‘Pension, provident funds have ₹9,134-cr exposure to IL&FS’

Our Bureau Mumbai | Updated on April 12, 2019 Published on April 12, 2019

The debt-laden NBFC says it cannot be repaid immediately as it will hit the resolution process

Pension and provident funds have an exposure of ₹9,134 crore to debt-ridden Infrastructure Leasing and Financial Services (IL&FS), but these cannot be repaid immediately as it will impact the IBC-led process.

This disclosure was made by IL&FS to the National Appellate Company Law Tribunal in an affidavit, which will take up the matter for hearing on April 16.

“Whilst the objective of payment to certain categories of creditors (provident funds and pension funds) is laudable, the Union of India and Respondent No 1 submit that the same is not feasible for the following reasons: any payment which is ad hoc in nature will be contrary to the Resolution Framework Report...and any payment which disregards the legal sanctity and priority of payments of creditors will destabilise the financial market and distort or disarray borrowings by corporates and lending by banks and financial institutions,” said IL&FS.

The NCLAT had, on April 8, sought details of investments by provident funds and pension funds in amber firms of IL&FS.

According to the affidavit, provident funds had invested ₹6,759.73 crore and pension funds had put in ₹2,374.72 crore in paper of IL&FS and its subsidiaries.

Of the money raised, ₹4,278.12 crore was borrowed by IL&FS, ₹2,940.13 crore was borrowed by IL&FS Financial Services (IFIN), and ₹1,916.20 crore by IL&FS Transportation Networks (ITNL) from PF and pension funds. This, in turn, was invested by IL&FS and intermediate holding company into the project-level special purpose vehicles such as Hazaribagh Ranchi Expressway Ltd (HREL), Jharkhand Road Project Implementation Company Ltd (JRPICL), West Gujarat Expressway Ltd (WGEL), and Moradabad Bareilly Expressway Ltd (MBEL).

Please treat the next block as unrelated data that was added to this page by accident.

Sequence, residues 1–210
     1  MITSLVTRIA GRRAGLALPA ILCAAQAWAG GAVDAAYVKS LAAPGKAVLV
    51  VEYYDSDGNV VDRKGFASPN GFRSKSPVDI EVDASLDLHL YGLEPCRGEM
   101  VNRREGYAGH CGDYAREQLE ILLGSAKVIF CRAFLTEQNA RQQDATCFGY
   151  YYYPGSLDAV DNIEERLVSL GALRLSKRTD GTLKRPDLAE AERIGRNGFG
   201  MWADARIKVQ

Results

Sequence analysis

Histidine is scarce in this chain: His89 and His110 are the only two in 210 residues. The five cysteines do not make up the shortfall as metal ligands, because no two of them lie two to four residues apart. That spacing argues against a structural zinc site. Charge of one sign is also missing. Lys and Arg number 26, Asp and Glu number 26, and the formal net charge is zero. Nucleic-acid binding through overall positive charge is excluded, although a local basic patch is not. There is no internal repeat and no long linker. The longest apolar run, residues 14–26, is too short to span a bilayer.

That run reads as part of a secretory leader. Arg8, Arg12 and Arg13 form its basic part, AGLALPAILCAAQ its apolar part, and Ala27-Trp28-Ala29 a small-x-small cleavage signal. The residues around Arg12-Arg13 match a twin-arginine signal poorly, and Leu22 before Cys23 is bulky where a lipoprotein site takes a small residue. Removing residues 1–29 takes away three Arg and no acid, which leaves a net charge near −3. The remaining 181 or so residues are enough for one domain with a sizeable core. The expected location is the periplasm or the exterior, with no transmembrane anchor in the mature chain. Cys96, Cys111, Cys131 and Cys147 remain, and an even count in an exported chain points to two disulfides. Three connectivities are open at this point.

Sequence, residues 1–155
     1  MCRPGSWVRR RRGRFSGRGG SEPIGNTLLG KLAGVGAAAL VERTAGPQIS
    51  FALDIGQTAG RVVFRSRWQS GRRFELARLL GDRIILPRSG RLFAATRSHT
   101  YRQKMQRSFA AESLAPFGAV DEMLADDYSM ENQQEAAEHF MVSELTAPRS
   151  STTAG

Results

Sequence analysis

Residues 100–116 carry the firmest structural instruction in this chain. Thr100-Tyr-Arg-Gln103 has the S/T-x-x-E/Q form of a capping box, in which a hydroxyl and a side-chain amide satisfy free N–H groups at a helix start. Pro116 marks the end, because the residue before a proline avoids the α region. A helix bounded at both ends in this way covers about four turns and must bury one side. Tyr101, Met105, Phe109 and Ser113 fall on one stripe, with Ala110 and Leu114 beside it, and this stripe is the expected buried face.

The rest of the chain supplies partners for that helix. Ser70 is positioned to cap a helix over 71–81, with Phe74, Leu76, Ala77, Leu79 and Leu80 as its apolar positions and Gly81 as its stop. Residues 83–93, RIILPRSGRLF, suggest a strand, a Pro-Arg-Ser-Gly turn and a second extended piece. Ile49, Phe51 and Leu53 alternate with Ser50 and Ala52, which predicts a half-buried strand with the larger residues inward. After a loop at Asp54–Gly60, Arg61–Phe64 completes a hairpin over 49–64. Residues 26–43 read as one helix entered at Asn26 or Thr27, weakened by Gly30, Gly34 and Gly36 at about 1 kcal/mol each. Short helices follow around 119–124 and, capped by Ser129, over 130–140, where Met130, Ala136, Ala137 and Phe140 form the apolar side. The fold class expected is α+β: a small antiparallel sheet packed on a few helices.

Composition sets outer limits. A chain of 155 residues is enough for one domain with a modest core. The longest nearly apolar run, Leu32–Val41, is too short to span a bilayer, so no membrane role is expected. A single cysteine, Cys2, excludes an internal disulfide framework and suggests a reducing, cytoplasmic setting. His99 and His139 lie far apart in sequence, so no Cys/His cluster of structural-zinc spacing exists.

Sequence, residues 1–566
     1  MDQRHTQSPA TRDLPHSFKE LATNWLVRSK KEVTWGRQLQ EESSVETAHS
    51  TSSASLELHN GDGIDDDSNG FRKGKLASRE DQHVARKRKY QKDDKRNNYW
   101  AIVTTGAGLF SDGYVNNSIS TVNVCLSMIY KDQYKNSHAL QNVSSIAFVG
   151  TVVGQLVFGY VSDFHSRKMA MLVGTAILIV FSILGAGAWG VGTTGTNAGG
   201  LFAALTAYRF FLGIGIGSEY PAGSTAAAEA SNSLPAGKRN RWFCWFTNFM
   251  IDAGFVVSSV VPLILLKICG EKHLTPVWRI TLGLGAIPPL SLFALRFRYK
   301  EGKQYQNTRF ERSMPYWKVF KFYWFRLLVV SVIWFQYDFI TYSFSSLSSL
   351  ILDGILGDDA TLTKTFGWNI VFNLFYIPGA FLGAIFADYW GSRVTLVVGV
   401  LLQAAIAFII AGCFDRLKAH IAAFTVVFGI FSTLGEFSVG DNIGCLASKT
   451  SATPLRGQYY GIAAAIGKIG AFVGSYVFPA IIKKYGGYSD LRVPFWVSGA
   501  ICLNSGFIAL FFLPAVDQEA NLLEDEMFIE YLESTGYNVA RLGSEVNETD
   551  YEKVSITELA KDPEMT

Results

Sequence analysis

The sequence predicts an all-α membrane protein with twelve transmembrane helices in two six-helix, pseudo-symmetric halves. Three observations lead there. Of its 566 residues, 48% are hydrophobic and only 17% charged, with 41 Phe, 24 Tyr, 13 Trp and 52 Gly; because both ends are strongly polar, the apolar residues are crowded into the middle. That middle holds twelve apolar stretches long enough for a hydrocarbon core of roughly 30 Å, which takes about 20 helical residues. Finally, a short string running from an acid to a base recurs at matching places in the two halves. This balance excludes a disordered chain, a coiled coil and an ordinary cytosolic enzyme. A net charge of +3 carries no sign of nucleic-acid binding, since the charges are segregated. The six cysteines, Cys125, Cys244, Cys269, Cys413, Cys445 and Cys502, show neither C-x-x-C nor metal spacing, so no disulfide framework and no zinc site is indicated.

The four are amon the 13 ‘amber’ companies of IL&FS, and are unable to meet their debt obligations and are permitted to make only “going concern” payments for goods or services obtained after October 1, 2018, IL&FS has pointed out.

The four firms have disposable cash of ₹ 1,134 crore during the testing period, while their total debt is ₹2,162 crore.

IL&FS has further submitted that the money being collected for each of the amber entities is being held in trust, and will be used for discharging the liabilities of creditors of these entities once they are sold off.

“Any ad hoc payments made at this stage will disturb the ongoing resolution process, and the Union of India opposes any such ad hoc distribution of amounts to financial creditors, as it will be detrimental to the ongoing efforts,” it has said.

IL&FS has already initiated the sale process of 12 of the 13 amber entities, including these four firms.

Published on April 12, 2019
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